I agree, having been in the same situation a few years ago during time away from college. I answered no surveys in my eight months of unemployment, but I guarantee that I beat the average for daily TV watching. Then I spent 14 months in a job that took all comers, selling cable service door-to-door. The gig was unpleasant and paid little, but I was far better off with something to do.

The job also gave me a look at the bleak, idle lives of many retirees. I spent hours in the homes of elderly people who lived alone. In the course of a sale we’d start by discussing TV, which nearly all of them watched for more than “full time.” When the sale was done, most would keep talking about anything and everything, glad to have someone to talk to in the flesh.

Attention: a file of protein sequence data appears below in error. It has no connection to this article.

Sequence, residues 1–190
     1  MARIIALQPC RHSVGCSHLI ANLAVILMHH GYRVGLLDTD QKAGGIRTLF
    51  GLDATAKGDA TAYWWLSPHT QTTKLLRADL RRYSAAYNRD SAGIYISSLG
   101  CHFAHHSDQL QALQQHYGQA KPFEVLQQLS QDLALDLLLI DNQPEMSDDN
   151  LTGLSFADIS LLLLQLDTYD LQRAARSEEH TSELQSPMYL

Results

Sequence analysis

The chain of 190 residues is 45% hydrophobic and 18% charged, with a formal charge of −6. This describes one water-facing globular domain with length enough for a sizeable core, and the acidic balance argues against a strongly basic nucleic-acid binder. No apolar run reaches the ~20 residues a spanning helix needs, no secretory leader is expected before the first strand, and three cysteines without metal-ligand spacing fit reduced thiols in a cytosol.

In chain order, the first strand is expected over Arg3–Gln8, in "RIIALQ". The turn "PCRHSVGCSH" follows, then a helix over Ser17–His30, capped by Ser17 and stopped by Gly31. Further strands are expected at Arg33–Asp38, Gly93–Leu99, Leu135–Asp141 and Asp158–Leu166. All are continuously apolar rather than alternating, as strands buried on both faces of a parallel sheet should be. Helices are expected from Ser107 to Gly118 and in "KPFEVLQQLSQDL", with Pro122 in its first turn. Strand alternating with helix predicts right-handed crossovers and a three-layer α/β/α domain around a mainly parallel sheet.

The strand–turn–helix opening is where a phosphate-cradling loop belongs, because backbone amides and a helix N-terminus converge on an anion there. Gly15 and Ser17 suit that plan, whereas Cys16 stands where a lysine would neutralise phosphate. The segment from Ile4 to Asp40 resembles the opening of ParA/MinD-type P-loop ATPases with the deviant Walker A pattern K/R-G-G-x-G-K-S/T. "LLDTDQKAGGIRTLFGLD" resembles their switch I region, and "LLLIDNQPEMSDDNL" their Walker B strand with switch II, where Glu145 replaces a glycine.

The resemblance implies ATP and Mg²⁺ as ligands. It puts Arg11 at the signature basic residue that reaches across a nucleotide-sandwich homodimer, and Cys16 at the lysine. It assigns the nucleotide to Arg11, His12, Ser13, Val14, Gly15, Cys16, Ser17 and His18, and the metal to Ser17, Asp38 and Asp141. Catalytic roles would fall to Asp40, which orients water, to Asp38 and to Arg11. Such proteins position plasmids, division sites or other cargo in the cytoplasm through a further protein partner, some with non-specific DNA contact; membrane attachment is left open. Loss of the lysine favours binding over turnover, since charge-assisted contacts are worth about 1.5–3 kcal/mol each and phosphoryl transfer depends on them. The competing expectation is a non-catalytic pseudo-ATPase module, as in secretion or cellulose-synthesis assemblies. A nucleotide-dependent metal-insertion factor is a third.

Some of these people were well past their working years. And it’s unfortunate that their families were distant. But those who had their health and little else probably would have been happier working.

Most of the workforce loss during the pandemic has been among older folks, and Mr. Eberstadt doesn’t shy from calling such early retirements “premature.” “I’m not going to judge any individual’s situation, but I can talk about general trends,” he says. “Like all other advanced Western economies, we’ve been blessed with an explosion of health since the end of the Second World War.” Covid deaths in the past two years will be a “miserable exception,” but generally, “as people live longer, they can also work longer.”

Mr. Eberstadt also cites the long-term change in the nature of work. “The revolution in technology in the workplace means that there are very few Americans who have to do backbreaking work in their 60s. And there are certain indications that work may help keep people healthy. So there are all sorts of reasons that I tend to be a cheerleader for working longer in life.”